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Acupuncture with manual and electrical stimulation for labour pain: a two month follow up of recollection of pain and birth experience.
Dalarna University, School of Education, Health and Social Studies, Medical Science. Karolinska institutet.ORCID iD: 0000-0002-6923-7140
Dalarna University, School of Education, Health and Social Studies, Caring Science/Nursing. Karolinska institutet.ORCID iD: 0000-0003-4123-405X
2015 (English)In: BMC Complementary and Alternative Medicine, ISSN 1472-6882, Vol. 15, 180Article in journal (Refereed) Published
Abstract [en]

BACKGROUND: In a previous randomised controlled trial we showed that acupuncture with a combination of manual- and electrical stimulation (EA) did not affect the level of pain, as compared with acupuncture with manual stimulation (MA) and standard care (SC), but reduced the need for other forms of pain relief, including epidural analgesia. To dismiss an under-treatment of pain in the trial, we did a long-term follow up on the recollection of labour pain and the birth experience comparing acupuncture with manual stimulation, acupuncture with combined electrical and manual stimulation with standard care. Our hypothesis was that despite the lower frequency of use of other pain relief, women who had received EA would make similar retrospective assessments of labour pain and the birth experience 2 months after birth as women who received standard care (SC) or acupuncture with manual stimulation (MA).

METHODS: Secondary analyses of data collected for a randomised controlled trial conducted at two delivery wards in Sweden. A total of 303 nulliparous women with normal pregnancies were randomised to: 40 min of MA or EA, or SC without acupuncture. Questionnaires were administered the day after partus and 2 months later.

RESULTS: Two months postpartum, the mean recalled pain on the visual analogue scale (SC: 70.1, MA: 69.3 and EA: 68.7) did not differ between the groups (SC vs MA: adjusted mean difference 0.8, 95 % confidence interval [CI] -6.3 to 7.9 and SC vs EA: mean difference 1.3 CI 95 % -5.5 to 8.1). Positive birth experience (SC: 54.3 %, MA: 64.6 % and EA: 61.0 %) did not differ between the groups (SC vs MA: adjusted Odds Ratio [OR] 1.8, CI 95 % 0.9 to 3.7 and SC vs EA: OR 1.4 CI 95 % 0.7 to 2.6).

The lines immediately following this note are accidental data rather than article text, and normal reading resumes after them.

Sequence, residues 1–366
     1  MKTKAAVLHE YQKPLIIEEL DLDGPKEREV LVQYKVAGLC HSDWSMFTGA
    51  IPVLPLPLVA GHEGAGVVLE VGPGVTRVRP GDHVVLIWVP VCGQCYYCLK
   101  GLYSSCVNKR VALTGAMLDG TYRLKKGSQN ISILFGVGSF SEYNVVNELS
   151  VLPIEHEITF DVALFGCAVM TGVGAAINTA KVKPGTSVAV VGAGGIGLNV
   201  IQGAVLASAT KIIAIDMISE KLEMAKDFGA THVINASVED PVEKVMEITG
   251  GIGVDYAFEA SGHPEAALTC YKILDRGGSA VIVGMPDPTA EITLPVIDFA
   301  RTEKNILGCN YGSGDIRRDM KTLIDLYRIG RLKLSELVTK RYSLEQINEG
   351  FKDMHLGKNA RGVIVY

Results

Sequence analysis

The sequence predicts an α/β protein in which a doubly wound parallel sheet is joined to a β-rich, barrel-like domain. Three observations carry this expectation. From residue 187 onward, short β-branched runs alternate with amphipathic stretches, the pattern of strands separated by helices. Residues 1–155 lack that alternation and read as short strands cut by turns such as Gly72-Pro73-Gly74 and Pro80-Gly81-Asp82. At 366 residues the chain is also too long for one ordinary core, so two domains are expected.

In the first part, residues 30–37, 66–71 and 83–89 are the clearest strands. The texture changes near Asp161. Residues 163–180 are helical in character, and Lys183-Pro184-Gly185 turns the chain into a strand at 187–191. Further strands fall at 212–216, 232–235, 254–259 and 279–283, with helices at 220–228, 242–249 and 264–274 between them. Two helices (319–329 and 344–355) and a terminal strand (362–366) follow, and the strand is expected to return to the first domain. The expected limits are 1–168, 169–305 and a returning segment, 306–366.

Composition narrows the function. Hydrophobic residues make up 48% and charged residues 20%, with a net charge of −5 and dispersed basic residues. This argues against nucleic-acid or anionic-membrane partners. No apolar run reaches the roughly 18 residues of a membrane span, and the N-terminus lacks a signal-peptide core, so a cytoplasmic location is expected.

CONCLUSIONS: Despite the lower use of other pain relief, women who received acupuncture with the combination of manual and electrical stimulation during labour made the same retrospective assessments of labour pain and birth experience 2 months postpartum as those who received acupuncture with manual stimulation or standard care.

TRIAL REGISTRATION: ClinicalTrials.gov: NCT01197950.

Place, publisher, year, edition, pages
2015. Vol. 15, 180
Keyword [en]
Lessing, Ben, Outsider, Other, post-colonial theory, psychoanalytical theory
National Category
Health Sciences
Research subject
Hälsa och välfärd, Akupunktur som smärtlindring vid förlossning - En randomiserad kontrollerad studie
Identifiers
URN: urn:nbn:se:du-18737DOI: 10.1186/s12906-015-0708-2ISI: 000357254700001PubMedID: 26066641OAI: oai:DiVA.org:du-18737DiVA: diva2:842591
Available from: 2015-07-21 Created: 2015-07-21 Last updated: 2015-07-24Bibliographically approved

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CiteExportLink to record
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Citation style
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